The conference led to the signature, on 25 March 1957, of the Treaty of Rome establishing a European Economic Community. The resulting communities were the European Economic Community and the European Atomic Energy Community; these were markedly less supranational than the previous communities, due to protests from some countries that their sovereignty was being infringed. The first formal meeting of the Hallstein Commission was held on 16 January 1958 at the Chateau de Val-Duchesse; the EEC was to create a customs union while Euratom would promote co-operation in the nuclear power sphere. The EEC became the most important of these and expanded its activities. One of the first important accomplishments of the EEC was the establishment of common price levels for agricultural products. In 1968, internal tariffs were removed on certain products. Another crisis was triggered in regard to proposals for the financing of the Common Agricultural Policy, which came into force in 1962; the transitional period whereby decisions were made by unanimity had come to an end, majority-voting in the Council had taken effect.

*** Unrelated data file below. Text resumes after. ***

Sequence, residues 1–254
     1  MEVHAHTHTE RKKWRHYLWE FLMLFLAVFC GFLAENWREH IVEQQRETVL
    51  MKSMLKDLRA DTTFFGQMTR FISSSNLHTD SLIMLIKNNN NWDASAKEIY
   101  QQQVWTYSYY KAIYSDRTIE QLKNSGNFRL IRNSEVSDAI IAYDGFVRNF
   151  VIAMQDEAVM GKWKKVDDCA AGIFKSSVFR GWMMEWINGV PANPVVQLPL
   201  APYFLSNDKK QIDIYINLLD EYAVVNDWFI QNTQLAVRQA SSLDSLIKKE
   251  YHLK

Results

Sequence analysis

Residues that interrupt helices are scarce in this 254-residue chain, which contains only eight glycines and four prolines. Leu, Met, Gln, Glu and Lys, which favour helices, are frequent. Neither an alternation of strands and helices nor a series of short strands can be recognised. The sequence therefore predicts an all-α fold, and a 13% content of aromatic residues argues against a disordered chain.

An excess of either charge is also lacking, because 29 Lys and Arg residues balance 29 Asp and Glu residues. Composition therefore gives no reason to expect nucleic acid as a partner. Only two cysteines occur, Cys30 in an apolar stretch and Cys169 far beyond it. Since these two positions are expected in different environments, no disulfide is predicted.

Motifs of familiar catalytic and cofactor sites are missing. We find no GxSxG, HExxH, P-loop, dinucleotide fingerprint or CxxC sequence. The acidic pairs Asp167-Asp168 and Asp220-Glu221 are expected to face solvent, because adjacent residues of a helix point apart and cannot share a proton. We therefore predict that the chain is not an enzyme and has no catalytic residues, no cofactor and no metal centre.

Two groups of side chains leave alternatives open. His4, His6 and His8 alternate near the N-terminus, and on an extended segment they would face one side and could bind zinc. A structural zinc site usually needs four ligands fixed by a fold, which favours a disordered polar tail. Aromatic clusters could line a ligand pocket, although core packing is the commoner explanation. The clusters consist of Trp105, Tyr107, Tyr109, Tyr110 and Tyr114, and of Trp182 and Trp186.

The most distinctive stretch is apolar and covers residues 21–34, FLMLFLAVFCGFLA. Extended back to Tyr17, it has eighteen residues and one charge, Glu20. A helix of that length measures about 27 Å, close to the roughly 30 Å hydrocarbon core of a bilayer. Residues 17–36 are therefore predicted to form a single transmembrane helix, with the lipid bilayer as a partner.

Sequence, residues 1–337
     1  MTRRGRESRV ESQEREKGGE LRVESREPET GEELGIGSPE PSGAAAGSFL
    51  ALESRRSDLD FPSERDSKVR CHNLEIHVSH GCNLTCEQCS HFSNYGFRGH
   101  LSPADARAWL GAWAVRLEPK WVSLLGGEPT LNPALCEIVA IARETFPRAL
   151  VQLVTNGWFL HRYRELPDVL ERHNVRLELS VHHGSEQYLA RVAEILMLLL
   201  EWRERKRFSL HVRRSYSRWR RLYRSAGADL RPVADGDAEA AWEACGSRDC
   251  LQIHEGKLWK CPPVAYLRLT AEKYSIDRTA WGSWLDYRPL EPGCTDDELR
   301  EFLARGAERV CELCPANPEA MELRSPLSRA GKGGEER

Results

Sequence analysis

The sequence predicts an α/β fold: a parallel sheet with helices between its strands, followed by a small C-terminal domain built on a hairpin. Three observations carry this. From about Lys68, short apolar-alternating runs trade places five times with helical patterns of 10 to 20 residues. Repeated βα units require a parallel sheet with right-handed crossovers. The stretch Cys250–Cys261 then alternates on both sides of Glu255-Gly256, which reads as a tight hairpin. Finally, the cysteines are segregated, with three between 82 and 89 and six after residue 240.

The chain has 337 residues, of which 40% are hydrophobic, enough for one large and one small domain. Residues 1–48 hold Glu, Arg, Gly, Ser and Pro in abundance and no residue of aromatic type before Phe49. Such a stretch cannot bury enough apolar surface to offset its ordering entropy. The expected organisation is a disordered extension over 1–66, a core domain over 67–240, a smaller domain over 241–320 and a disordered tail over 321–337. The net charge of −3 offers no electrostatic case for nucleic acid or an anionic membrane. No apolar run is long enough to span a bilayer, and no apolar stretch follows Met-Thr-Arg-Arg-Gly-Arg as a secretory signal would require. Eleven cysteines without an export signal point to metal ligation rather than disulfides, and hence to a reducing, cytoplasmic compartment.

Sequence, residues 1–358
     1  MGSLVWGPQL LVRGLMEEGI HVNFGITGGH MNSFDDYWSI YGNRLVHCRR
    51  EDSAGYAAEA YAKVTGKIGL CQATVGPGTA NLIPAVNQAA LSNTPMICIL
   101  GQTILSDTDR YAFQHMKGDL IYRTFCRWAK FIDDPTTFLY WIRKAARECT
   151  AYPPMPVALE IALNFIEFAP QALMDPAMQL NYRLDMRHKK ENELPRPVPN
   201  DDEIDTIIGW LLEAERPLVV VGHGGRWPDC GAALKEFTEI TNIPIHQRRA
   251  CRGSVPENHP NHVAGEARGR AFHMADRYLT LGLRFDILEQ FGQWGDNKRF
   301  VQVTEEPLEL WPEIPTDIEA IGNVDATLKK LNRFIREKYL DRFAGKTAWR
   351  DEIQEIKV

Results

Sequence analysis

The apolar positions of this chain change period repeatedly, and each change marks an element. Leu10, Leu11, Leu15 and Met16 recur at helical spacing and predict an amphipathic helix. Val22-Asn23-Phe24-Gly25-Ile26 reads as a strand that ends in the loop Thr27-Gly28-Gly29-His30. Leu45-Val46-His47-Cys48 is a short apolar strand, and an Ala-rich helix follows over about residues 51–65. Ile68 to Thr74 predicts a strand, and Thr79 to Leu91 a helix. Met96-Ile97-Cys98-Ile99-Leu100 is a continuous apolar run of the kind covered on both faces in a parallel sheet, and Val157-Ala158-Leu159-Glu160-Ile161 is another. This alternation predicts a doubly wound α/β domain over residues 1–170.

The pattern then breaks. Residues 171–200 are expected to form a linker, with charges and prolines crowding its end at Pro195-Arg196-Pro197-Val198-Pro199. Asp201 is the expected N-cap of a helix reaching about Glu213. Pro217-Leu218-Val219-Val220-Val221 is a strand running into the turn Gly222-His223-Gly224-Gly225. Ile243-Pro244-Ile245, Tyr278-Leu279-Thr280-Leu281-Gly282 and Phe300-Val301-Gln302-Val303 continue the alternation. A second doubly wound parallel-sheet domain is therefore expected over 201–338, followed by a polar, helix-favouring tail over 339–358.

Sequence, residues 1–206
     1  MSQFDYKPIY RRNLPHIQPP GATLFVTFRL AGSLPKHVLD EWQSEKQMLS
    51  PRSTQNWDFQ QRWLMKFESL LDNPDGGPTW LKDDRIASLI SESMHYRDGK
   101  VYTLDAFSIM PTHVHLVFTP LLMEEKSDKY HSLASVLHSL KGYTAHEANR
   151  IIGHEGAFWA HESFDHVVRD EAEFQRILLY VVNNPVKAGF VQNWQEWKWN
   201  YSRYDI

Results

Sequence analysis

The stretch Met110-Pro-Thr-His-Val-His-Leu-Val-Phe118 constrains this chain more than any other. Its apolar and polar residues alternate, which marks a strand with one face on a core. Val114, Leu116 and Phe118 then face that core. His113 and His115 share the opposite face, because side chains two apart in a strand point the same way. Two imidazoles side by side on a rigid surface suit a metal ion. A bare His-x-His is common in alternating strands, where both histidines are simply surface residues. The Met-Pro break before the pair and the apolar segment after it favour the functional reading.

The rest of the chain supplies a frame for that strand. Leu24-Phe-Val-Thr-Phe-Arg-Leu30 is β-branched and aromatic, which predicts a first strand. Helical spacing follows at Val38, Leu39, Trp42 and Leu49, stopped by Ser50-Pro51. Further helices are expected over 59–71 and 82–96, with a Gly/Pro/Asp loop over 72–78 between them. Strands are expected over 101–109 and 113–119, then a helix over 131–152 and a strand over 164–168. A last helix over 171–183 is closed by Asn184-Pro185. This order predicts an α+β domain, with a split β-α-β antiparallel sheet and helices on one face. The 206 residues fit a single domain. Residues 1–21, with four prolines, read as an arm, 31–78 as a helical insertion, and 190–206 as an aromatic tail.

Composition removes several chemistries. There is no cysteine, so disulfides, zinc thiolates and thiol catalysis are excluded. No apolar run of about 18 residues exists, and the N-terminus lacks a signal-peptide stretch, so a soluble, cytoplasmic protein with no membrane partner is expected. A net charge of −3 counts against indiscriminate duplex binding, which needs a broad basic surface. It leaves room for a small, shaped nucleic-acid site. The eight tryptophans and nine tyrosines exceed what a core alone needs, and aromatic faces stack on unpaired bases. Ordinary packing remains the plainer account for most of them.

Then-French President Charles de Gaulle's opposition to supranationalism and fear of the other members challenging the CAP led to an "empty chair policy" whereby French representatives were withdrawn from the European institutions until the French veto was reinstated. A compromise was reached with the Luxembourg compromise on 29 January 1966 whereby a gentlemen's agreement permitted members to use a veto on areas of national interest. On 1 July 1967 when the Merger Treaty came into operation, combining the institutions of the ECSC and Euratom into that of the EEC, they shared a Parliamentary Assembly and Courts. Collectively they were known as the European Communities; the Communities still had independent personalities although were integrated. Future treaties granted the community new powers beyond simple economic matters which had achieved a high level of integration; as it got closer to the goal of political integration and a peaceful and united Europe, what Mikhail Gorbachev described as a Common European Home.
The 1960s saw the first attempts at enlargement. In 1961, Ireland and the United Kingdom applied to join the three Communities. However, Presi